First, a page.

Lions are spilling out of the Gir sanctuary and into the rest of Saurashtra. The latest and the largest yet census of Asiatic lions shows a 27% increase in the lion population from 411 in 2010 to 523 this year. But a more interesting statistic of the 22,000 kilometre-wide count is that the lion population within the sanctuary grew only 4%, while the number in surrounding areas and closer to human habitation grew by a whopping 130%.

The new census has again brought to the fore the debate about translocating lions to other wildlife reserves in the country. Translocating lions has been proposed in the past by the National Wildlife Board and is part of the National Wildlife Action Plan.

The Supreme Court in 2013 ordered the Gujarat government to shift some lions from Gir to Kuno in Madhya Pradesh. The Gujarat government has resisted the move on the grounds that the animal is the pride of the state that cannot be shared with another state. HS Singh, former conservator of the Gir Sanctuary and current member of the National Wildlife Board, argues that Kuno’s climate is unsuitable for lions. “In Kuno, the temperatures recorded are 49 degree Celsius. In Gir, because of the coastal area, the coast moderates the temperatures and it remains 2-3 degree Celsius lower,” Singh said.

Wildlife biologist Ravi Chellam counters this claim on the grounds that the lion is a highly adaptable animal and has historically existed in very different temperature zones and habitats. Chellam is sure that translocation is essential to ensure the big cat’s long-term survival. “Let us view translocation as life insurance for free-ranging lions,” he said. “We forget about the fact that habitat is being lost, habitat is being fragmented. Having all your eggs in one basket and those risks far outweigh [the cost] even if you kill ten animals in the translocation process.” The fear of losing a majority of lions in one fell swoop is real. In 1994, a canine distemper infection in the Serengeti wiped out 30% of the African lions there.

Man-animal interaction

The other question that keeps cropping up is that of resettling the Maldhari tribe, leaving the sanctuary to animals. In the early 1970s, lions preyed mostly on livestock, with the chital, sambar and wild boar making up only 25% of their prey. The government at the time undertook a project to resettle the Maldharis in an attempt to leave the forest undisturbed for the animals. In subsequent years, the forest saw a dramatic rise in the numbers of wild prey as grazing land was freed up.

However, the persistence of the Gir lions is closely linked to the cohabitants of its forest – the Maldharis. “The problem was not really the Maldhari cattle but migratory cattle coming in from as far away as Kutch,” said Chellam about Gir’s livestock overkill in the 1970s. “It was the seasonal influx that was a problem.”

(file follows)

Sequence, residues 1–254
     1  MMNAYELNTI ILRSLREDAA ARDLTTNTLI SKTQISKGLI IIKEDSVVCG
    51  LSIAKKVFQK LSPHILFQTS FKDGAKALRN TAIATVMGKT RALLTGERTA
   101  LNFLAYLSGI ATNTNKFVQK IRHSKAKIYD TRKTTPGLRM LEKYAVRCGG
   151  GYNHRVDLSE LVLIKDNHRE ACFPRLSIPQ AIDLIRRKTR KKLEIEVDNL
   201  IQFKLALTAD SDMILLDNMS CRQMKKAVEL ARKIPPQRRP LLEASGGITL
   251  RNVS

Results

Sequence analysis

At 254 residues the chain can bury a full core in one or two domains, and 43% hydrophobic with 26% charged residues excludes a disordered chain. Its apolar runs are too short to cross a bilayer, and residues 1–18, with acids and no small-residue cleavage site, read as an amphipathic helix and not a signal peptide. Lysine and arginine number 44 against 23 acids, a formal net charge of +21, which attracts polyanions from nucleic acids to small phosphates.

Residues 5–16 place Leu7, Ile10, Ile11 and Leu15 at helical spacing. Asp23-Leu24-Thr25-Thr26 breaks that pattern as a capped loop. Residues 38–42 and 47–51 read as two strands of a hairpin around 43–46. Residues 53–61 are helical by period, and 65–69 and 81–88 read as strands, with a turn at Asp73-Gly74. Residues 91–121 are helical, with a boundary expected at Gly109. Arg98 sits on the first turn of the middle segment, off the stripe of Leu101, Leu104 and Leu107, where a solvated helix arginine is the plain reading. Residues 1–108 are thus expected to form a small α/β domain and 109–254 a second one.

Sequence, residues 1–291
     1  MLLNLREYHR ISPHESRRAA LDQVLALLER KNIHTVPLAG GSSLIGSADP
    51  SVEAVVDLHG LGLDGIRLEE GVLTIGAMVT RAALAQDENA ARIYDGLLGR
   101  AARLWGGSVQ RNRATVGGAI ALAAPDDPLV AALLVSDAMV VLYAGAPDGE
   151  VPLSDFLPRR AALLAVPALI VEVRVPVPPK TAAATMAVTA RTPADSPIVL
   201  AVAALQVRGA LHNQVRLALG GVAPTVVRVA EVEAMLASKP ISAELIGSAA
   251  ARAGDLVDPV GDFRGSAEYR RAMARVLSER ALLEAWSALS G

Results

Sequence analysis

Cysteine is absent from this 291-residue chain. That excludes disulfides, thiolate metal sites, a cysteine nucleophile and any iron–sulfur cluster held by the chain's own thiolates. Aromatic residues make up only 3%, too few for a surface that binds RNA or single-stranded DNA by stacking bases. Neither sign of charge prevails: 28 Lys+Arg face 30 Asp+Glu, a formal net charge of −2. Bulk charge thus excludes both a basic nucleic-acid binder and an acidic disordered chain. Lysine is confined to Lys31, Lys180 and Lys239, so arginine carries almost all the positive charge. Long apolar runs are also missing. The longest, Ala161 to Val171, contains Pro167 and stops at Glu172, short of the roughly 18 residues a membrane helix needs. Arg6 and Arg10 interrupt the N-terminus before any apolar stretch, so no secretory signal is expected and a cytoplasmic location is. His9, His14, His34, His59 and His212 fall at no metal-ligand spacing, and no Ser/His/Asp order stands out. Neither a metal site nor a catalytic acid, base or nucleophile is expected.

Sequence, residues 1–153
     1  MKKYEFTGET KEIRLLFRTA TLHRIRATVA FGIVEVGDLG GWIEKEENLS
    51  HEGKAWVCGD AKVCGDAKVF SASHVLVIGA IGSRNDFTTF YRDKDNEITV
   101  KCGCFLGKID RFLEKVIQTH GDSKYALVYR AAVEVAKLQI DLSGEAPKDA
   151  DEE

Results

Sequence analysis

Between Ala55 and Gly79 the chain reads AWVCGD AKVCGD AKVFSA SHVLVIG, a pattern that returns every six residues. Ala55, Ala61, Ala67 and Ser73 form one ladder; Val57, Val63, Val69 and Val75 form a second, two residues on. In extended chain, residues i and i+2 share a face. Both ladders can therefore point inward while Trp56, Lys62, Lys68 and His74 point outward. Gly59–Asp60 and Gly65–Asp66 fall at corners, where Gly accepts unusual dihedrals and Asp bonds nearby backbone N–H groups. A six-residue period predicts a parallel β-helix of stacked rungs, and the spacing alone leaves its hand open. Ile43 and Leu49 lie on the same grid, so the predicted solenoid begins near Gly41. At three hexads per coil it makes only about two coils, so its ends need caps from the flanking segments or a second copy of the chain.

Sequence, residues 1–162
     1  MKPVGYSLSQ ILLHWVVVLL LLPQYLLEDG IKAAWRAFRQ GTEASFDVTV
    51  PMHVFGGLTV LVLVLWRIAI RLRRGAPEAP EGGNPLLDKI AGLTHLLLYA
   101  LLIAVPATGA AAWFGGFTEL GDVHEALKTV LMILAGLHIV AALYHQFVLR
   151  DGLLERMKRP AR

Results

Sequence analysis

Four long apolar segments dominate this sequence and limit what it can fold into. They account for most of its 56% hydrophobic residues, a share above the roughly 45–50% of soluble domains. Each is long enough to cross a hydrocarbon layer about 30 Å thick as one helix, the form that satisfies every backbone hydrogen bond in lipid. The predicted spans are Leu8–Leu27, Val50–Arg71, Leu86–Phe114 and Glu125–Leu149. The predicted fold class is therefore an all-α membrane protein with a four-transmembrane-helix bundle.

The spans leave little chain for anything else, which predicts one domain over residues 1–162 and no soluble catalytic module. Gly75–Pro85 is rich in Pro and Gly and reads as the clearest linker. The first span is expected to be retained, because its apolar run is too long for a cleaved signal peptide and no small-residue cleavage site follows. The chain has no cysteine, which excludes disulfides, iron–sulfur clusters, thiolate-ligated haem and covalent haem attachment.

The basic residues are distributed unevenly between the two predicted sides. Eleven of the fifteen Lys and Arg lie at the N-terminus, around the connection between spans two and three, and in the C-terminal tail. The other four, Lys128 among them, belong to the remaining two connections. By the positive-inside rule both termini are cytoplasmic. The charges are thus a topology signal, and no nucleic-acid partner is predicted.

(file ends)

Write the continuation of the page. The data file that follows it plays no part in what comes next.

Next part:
A 2013 study by researchers at the Wildlife Institute of India found that the lions and Maldharis have an interdependent relationship that benefited the Maldharis economically too. The word Maldhari means “owner of cattle stock”. The community of pastoralists live scattered through the national park in small clusters of families, each one called a ness. Lions still prey on Maldhari livestock as a significant food source. But the tribe has long accepted livestock raids by the felines as a part of their existence in its home. Scientists and journalists visiting the Gir have reported Maldharis saying that a lion kill is considered an offering and written off.

As long as lions exist and thrive, the Gir forest will exist and thrive, leaving the Maldharis their traditional livelihood of cattle grazing and living off forest produce. Free grazing rights in the Gir and compensation offered by the government offset almost 80% of the Maldhari cattle-rearing cost, the wildlife institute study said.

Like all other communities, the Maldharis’ relationship with their surroundings has evolved over the years. As they have started selling milk and dairy products commercially, refrigerated trucks now come into the sanctuary right up to the nesses to collect the produce. This leads to accidents with prey animals, noise and dust pollution. Yet, Chellam said, there is still no ecological or social justice reasons to relocate the Maldharis.

“As such, the Maldharis’ relationship with the animals is not abrasive in anyway but with the population spilling over if they want to move out of the region it should be facilitated properly,” said Meena Venkataraman, an independent lion researcher. Venkataraman observes that dairy is a profitable and good business for the Maldharis but coming generations may not opt for this line of hard work.

The Nawab who saved the lion

The Asiatic lion, which is only found in the Gir and its vicinity, has been on the brink of extinction at least twice in recorded history. In what might have been the first lion census, British officer Colonel Watson 1880 counted only 12 lion in the Gir forests. Till then the lion was fair game and bounties were offered on lions, describes Sudipta Mitra in the book Gir Forest and the Saga of the Asiatic Lion. The Nawab of Junagarh was one of the first champions to come to the animals’ rescue. He banned the killing of lions unless it was with his approval and the area was transformed into a royal game reserve.

By 1905 the number of lions had climbed again to a respectable 100, before plummeting again to below 20 in 1913, as hunting lions for game continued and animal-human conflict became more common.

By the 1920s, when it became increasingly clear that western India was the last refuge of the Asiatic lion, British and Indian authorities threw their weight behind protecting the animal – a policy that continued into independent India. Ever since the Gir National Park and Wildlife Sanctuary was created in 1965, the population of lions has only steadily grown.